Obviously, if you change things up often, you will need to spend much more time on weighing and making sure you are hitting your macros.
Strategies If You Go Off-Track
Now that we have looked at the basics of macro and calorie counting, we can get a little bit more advanced. Life happens, and life is not only the gym and chicken. Thus, we are bound to get off-track sometimes, and we are going to look at how we can best deal with that.
More specifically, we are going to look at four different strategies. These include carrying over macros in a given day, carrying over macros throughout several days, dividing your meals, and skipping meals.
Carrying Over Macros in a Given Day
Sometimes we eat too many or too few macros in a meal. For instance, if you were out at a restaurant, and there were simply no great choices for carbohydrates to fit into your diet. At this point you can just add in the carbs in the following meal, or split it up in the next two meals.
This can be very nice if you tend to go out to eat often, or are not able to cook a meal.
Of course, this requires some “eyeballing” and knowledge about food. Someone who has never counted macros before will struggle a little in the beginning, but it will be easy after a while. Then you will know about how much protein is in a slice of chicken or a handful of nuts.
Carrying Over Macros Throughout Several Days
This strategy is the same as the first one, but carrying over the macros to the next day(s) instead of within the same day. When you for instance go camping or hang out with family and friends for a whole day, we know how difficult dieting can get. Or, if you simply missed a meal because you got home late.
If you were lacking some macros from the previous day, simply add them on the next day. Remember, this is a long-term journey, and a few slips along the way will not kill you.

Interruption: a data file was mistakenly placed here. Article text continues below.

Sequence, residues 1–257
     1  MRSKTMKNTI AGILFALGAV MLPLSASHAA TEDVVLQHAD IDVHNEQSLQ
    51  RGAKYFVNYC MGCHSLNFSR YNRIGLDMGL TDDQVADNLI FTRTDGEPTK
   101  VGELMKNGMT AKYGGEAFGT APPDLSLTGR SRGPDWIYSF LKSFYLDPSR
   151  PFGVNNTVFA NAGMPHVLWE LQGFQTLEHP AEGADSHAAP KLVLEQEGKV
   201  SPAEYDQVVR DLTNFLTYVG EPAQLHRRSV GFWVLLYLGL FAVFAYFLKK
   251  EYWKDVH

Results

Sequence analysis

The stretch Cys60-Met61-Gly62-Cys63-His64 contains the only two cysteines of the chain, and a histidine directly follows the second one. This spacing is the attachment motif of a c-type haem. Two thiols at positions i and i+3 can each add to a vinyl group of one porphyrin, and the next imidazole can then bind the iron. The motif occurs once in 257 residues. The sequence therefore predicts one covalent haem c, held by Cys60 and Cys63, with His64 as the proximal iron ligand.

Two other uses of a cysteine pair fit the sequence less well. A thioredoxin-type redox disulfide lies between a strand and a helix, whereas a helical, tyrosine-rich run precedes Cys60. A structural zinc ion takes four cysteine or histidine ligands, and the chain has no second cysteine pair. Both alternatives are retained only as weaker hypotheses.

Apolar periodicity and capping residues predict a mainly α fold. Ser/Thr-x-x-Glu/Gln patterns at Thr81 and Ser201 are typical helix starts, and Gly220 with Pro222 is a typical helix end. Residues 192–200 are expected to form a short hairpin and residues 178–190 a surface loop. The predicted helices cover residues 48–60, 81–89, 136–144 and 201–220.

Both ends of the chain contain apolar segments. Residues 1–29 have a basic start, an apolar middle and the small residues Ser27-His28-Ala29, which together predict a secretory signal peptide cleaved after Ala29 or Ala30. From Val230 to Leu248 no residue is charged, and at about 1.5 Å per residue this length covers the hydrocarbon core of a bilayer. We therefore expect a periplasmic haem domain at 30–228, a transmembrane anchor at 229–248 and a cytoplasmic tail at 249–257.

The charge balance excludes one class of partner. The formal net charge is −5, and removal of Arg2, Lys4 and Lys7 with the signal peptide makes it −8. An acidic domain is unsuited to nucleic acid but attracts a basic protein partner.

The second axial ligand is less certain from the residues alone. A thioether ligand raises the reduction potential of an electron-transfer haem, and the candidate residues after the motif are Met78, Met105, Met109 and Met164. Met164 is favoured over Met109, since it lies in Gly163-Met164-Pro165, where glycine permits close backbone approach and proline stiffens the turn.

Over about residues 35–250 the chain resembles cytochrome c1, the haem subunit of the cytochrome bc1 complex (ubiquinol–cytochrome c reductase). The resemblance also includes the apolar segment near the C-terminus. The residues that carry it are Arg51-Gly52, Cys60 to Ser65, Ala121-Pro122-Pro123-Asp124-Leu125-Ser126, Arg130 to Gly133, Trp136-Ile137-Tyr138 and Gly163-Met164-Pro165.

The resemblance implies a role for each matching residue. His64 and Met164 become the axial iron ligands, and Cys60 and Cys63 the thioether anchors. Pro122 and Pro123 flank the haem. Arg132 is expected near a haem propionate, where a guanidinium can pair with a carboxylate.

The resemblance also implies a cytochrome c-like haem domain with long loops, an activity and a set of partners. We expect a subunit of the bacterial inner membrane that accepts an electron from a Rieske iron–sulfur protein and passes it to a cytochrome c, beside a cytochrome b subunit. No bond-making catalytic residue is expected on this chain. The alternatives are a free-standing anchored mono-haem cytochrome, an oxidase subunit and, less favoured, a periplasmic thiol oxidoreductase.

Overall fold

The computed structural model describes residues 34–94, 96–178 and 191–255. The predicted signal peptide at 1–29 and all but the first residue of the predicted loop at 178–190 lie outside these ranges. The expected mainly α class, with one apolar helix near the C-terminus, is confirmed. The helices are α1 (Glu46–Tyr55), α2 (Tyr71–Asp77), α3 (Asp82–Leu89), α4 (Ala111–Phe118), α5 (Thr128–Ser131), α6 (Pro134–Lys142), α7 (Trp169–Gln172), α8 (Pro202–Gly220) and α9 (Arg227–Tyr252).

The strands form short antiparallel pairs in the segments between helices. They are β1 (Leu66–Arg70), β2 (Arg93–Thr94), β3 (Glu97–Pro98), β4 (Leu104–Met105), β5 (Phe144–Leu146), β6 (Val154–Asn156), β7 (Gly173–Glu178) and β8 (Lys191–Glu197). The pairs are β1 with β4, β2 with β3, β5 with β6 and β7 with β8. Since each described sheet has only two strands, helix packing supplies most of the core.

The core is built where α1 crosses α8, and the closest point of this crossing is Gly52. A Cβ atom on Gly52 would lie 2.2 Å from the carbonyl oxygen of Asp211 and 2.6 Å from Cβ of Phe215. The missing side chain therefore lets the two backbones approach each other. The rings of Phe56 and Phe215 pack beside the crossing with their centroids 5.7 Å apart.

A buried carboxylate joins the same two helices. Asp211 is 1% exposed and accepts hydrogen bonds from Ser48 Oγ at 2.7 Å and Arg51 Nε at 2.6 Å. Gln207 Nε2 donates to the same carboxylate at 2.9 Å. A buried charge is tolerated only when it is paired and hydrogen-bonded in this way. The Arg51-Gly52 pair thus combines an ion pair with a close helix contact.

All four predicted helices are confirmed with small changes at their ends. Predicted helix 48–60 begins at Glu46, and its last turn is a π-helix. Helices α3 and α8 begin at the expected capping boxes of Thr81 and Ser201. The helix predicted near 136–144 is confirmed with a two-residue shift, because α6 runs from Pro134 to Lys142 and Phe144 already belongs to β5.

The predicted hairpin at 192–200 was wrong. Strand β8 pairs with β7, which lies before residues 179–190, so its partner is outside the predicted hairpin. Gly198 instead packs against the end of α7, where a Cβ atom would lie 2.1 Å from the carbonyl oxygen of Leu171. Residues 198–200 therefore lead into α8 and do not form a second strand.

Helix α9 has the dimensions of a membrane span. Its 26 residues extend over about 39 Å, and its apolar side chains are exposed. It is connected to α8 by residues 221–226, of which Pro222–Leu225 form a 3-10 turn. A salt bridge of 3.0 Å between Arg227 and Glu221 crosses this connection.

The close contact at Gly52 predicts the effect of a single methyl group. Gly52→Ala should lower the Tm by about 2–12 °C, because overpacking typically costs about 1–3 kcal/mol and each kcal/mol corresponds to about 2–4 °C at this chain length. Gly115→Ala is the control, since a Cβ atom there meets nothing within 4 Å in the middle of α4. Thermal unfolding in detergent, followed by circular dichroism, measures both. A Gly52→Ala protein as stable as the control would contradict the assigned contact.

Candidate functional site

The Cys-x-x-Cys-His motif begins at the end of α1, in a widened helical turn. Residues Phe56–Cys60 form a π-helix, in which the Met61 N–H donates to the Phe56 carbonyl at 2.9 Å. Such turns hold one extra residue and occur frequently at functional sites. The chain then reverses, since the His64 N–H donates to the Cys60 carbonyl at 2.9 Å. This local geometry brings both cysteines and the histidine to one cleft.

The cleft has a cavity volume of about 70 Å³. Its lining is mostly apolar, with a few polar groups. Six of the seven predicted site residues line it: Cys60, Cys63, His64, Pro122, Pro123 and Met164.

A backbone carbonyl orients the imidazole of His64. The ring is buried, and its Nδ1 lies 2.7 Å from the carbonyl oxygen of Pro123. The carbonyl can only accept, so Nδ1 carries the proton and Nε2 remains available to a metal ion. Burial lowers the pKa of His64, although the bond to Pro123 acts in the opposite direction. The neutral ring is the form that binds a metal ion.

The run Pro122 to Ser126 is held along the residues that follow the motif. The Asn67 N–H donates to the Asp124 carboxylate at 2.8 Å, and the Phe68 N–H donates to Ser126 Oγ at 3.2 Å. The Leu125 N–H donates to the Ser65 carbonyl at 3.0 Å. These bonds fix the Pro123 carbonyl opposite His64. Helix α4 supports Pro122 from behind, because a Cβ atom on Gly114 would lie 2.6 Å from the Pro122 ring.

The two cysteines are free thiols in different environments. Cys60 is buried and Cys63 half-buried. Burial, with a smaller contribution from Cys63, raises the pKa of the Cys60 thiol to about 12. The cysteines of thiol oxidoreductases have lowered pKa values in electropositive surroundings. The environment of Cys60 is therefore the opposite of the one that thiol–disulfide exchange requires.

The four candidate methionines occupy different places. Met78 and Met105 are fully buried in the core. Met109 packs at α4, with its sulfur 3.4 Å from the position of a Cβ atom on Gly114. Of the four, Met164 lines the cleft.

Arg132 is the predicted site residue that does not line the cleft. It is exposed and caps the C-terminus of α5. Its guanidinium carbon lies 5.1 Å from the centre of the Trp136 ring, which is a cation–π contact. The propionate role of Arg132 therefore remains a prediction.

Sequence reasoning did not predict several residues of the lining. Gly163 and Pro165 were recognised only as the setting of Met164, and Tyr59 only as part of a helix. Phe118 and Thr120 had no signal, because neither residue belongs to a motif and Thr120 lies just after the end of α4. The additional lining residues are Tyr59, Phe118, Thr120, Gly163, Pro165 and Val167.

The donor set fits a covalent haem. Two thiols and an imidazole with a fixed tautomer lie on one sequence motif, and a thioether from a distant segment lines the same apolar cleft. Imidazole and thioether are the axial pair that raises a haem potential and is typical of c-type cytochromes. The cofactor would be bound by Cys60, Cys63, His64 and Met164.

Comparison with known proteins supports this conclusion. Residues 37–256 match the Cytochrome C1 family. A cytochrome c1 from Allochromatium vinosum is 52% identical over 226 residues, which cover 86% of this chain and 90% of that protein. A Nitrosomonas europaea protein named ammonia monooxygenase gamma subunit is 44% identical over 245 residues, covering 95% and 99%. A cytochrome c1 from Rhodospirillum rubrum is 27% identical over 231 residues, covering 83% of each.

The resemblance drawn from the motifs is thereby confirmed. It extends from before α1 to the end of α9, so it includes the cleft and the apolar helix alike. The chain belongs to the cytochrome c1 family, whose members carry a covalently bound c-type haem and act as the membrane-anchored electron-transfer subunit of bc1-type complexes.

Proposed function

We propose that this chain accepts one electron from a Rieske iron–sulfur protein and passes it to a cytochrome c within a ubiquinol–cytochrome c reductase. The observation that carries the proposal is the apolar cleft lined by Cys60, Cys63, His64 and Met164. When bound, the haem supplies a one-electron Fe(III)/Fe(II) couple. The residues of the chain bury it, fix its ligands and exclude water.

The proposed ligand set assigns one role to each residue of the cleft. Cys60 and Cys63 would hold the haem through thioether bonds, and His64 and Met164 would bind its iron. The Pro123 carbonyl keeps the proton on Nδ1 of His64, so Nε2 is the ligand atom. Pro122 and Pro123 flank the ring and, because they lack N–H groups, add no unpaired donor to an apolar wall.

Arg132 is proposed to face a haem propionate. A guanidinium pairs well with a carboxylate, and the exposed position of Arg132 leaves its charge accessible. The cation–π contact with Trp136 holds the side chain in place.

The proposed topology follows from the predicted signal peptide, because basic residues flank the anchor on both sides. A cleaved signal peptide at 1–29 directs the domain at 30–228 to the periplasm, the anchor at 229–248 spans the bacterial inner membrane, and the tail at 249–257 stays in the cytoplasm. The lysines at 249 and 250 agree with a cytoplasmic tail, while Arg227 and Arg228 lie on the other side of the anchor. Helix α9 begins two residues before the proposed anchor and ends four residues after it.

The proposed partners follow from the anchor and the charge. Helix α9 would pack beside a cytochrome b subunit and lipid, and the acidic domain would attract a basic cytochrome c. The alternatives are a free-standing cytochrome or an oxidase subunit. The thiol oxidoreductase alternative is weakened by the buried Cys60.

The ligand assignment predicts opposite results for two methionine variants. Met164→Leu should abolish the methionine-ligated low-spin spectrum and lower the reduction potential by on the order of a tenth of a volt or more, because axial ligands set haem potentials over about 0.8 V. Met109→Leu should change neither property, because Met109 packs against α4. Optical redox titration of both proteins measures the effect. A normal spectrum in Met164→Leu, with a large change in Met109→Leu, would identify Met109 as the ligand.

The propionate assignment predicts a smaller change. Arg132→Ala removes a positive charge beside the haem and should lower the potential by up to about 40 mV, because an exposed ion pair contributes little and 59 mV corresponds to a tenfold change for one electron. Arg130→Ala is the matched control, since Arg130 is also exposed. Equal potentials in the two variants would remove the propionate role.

That being said, it is vital to spread out your protein as evenly as possible. Also, keep most of your carbs with your carb-heavy meals and fats with your fat meals. We do not want to mix a lot of fat with carbs and vice versa.
Dividing Your Meals
Dividing your meals becomes handy if you miss a meal, and still have several meals left in the day. Now you can divide the macros from the missing meal into the remaining meals of the day. The only time you do not want to do this, is if you missed a lot of macros for the day, and have to add them all in for your last meal.
At this point, you will be better off only adding in maybe half of your macros. Because eating a giant meal before going to bed is not good from a digestive perspective. This is something you have to judge for yourself, but you can understand how to deal with it.
However, if this happens often, consider changing your nutrition plan.
Again, remember to keep most carbs with carb heavy meals, and the same with fats. For protein, spread them out evenly.
Skipping Your Meals
Lastly, we have the skipping option. Life happens, and it will continue to happen, that is life. Sometimes we are simply unable to eat a meal, and that is fine. If this only happens occasionally, you can just skip it and not think about it. A missed meal here and there will not affect you much.
Stressing about adding in the last few macros here and there is worse for you than just skipping it. Especially if you are a person who tends to get worried about these things.
Hopefully after reading this it will be easier for you to follow your nutrition plan. The most important thing you can do is to understand the goal of both your nutrition and training plan. That way you can make the best decision for yourself on your fitness journey. Slip-ups and surprises will always happen along the way, that is just a part of our life. But as long as you understand your long-term goals, you will be able to deal with each situation as well as you can.
Thank you for reading our article!
– Terry Asher